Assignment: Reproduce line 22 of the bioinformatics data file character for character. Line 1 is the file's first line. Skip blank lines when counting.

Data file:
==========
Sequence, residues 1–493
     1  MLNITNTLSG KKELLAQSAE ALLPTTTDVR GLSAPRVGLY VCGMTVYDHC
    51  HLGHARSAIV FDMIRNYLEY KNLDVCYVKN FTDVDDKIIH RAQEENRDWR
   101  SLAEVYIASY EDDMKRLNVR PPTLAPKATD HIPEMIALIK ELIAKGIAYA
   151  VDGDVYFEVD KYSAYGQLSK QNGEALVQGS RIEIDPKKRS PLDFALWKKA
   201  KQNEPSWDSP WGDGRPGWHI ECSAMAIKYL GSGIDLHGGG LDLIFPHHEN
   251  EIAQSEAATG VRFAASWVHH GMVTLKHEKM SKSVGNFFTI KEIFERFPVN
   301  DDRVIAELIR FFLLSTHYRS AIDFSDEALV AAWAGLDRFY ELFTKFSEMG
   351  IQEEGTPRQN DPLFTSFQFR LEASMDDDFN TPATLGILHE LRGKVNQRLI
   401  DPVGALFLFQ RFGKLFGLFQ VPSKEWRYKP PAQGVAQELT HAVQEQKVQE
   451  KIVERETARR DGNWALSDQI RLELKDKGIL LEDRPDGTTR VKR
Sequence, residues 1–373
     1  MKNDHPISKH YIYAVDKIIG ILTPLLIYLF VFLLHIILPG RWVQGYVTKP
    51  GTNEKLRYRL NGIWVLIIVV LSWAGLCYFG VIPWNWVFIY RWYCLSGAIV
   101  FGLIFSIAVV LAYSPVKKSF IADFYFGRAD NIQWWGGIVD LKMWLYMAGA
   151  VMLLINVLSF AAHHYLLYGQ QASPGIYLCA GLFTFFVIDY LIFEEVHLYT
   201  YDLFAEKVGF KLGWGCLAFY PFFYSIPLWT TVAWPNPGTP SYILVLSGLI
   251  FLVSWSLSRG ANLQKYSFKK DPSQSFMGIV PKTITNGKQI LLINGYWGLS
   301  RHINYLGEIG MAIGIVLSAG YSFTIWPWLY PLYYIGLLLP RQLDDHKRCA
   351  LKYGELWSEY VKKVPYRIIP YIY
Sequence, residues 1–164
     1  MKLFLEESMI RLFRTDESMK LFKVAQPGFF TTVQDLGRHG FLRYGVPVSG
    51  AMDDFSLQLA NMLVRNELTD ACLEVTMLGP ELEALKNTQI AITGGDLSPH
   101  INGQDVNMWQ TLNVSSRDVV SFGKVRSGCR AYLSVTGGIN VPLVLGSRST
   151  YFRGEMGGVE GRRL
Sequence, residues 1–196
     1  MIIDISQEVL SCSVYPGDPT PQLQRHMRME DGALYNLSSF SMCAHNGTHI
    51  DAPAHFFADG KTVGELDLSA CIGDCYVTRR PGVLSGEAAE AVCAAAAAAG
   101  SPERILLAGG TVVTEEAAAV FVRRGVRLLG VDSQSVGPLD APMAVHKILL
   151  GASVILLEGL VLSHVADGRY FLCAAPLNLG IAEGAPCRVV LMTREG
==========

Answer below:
     1  MKLFLEESMI RLFRTDESMK LFKVAQPGFF TTVQDLGRHG FLRYGVPVSG